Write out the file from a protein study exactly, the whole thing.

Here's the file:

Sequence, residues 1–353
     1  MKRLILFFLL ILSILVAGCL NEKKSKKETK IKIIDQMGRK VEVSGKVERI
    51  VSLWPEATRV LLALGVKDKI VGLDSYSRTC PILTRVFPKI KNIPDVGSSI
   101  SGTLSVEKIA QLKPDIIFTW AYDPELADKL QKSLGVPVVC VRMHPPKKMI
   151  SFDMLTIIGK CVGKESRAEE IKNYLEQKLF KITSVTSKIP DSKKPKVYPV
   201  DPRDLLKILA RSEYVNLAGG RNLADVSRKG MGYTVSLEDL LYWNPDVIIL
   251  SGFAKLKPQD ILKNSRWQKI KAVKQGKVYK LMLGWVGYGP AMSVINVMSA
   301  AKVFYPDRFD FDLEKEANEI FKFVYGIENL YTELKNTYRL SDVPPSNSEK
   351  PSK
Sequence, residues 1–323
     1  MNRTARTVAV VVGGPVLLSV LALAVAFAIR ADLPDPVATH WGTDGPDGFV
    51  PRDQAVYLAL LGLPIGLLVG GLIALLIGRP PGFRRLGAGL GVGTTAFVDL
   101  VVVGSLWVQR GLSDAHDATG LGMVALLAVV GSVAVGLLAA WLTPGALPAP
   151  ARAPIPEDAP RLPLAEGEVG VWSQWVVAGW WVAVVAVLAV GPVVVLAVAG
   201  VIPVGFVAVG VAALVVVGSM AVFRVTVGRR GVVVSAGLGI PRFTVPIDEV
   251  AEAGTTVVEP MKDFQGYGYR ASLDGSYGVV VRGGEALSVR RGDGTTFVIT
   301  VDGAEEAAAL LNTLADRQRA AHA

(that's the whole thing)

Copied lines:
Sequence, residues 1–353
     1  MKRLILFFLL ILSILVAGCL NEKKSKKETK IKIIDQMGRK VEVSGKVERI
    51  VSLWPEATRV LLALGVKDKI VGLDSYSRTC PILTRVFPKI KNIPDVGSSI
   101  SGTLSVEKIA QLKPDIIFTW AYDPELADKL QKSLGVPVVC VRMHPPKKMI
   151  SFDMLTIIGK CVGKESRAEE IKNYLEQKLF KITSVTSKIP DSKKPKVYPV
   201  DPRDLLKILA RSEYVNLAGG RNLADVSRKG MGYTVSLEDL LYWNPDVIIL
   251  SGFAKLKPQD ILKNSRWQKI KAVKQGKVYK LMLGWVGYGP AMSVINVMSA
   301  AKVFYPDRFD FDLEKEANEI FKFVYGIENL YTELKNTYRL SDVPPSNSEK
   351  PSK
Sequence, residues 1–323
     1  MNRTARTVAV VVGGPVLLSV LALAVAFAIR ADLPDPVATH WGTDGPDGFV
    51  PRDQAVYLAL LGLPIGLLVG GLIALLIGRP PGFRRLGAGL GVGTTAFVDL
   101  VVVGSLWVQR GLSDAHDATG LGMVALLAVV GSVAVGLLAA WLTPGALPAP
   151  ARAPIPEDAP RLPLAEGEVG VWSQWVVAGW WVAVVAVLAV GPVVVLAVAG
   201  VIPVGFVAVG VAALVVVGSM AVFRVTVGRR GVVVSAGLGI PRFTVPIDEV
   251  AEAGTTVVEP MKDFQGYGYR ASLDGSYGVV VRGGEALSVR RGDGTTFVIT
   301  VDGAEEAAAL LNTLADRQRA AHA